Few cars in U.S. history command as much unbridled enthusiasm from their owners as the Corvette. The day their car arrives is nearly as significant to some owners as the arrival of a newborn. Perhaps that’s why the delivery area at the National Corvette Museum (NCM) in Bowling Green, Kentucky, is called the nursery.
Realizing just how momentous the handing over of a new Corvette can be, the NCM coordinates with the Corvette assembly plant in implementing Option R8C. Available through any Chevrolet dealer for $500, this museum delivery program has to be requested when customers finalize their order. At that point, a special ship code number – 184590 — identifies a buyer’s Corvette for museum delivery.
While the Corvette plant and the nonprofit NCM are separate entities, they are located just a two-minute drive apart — less if you’re manning a ZR1 — and work hand in hand to give the keys to buyers of new Corvettes.
Afterwards, guests are treated to a tour of the museum. Then a member of the NCM Delivery Team provides both a personalized orientation and a delivery presentation of the customer’s new Corvette. A unique gold decal is placed on the inside of the driver’s doorjamb to signify the importance of this occasion. The customer then receives an individual one-year NCM membership, which can be upgraded.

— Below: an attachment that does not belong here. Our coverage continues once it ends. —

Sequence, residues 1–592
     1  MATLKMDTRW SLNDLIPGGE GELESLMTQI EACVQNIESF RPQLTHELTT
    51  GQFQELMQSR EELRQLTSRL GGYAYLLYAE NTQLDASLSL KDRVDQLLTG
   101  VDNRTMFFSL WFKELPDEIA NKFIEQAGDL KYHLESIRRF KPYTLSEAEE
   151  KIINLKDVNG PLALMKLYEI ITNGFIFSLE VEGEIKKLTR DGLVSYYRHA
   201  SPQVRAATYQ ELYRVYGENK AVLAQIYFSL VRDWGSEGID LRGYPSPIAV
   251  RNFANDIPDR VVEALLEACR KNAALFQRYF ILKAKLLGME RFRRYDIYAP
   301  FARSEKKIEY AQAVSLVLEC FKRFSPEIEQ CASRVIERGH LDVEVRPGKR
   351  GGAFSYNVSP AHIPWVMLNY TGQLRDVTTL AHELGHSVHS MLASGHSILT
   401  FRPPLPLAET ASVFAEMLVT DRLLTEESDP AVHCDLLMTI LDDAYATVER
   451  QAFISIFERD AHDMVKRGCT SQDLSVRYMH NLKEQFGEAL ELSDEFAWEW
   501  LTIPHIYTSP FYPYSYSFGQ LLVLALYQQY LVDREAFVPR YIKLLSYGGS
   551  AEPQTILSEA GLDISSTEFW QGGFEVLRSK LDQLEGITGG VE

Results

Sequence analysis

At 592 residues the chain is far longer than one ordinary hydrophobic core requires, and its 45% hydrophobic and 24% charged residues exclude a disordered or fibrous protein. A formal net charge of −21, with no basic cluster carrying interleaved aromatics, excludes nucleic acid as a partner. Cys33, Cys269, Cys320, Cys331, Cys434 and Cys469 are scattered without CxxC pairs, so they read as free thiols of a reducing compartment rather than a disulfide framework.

Our tour was led by Denzel Williams, a retired 20-year veteran of the plant who seemed to know everyone in the place on a first-name basis. His hands-on experience was invaluable in providing an insider’s perspective. Seeing Corvettes built is worth the price of admission alone, as the production line is quite unlike most others. As NCM events manager Roc Linkov points out, “It’s the last hand-built production car in America.” That might sound a bit like an oxymoron (like “awfully good” or “job security”), but after seeing it firsthand, it all makes sense.
Before entering the assembly area, we had to don shields made of fabric to cover our rings and belt buckles, lest we get too close to a Corvette under construction and inadvertently scratch a fresh paint job or new piece of trim. As we snaked our way around the conveyor belt and various assembly areas, being careful to avoid getting whacked in the head by a robotic arm, we learned a few interesting facts. (See the sidebar for more.)
Watching the cars get assembled is bit like a slow-mo version of a Disney ride. The tortoise-like speed serves as a dramatic contrast to the Corvette’s hare-like sprint once it’s running on the road.
CORVETTE ASSEMBLY PLANT FACTS
About 350 workers are on the production line, which consists of 7 miles of carriers located in one million square feet, or 22 acres. The workers are usually on four-day shifts with 163 different jobs performed.
The electric conveyor for the carriers moves through at .033 mph or 174.28 feet an hour, and 48 robots assist in assembly.
Corvette Z06 and ZR1 frames are made at a separate facility in Hopkinsville, Ky. They have an aluminum frame with a magnesium engine well, so they’re 150 pounds lighter than the standard C6 model. The ZR1 engines are built at the General Motor Performance Build Center in Wixom, Michigan.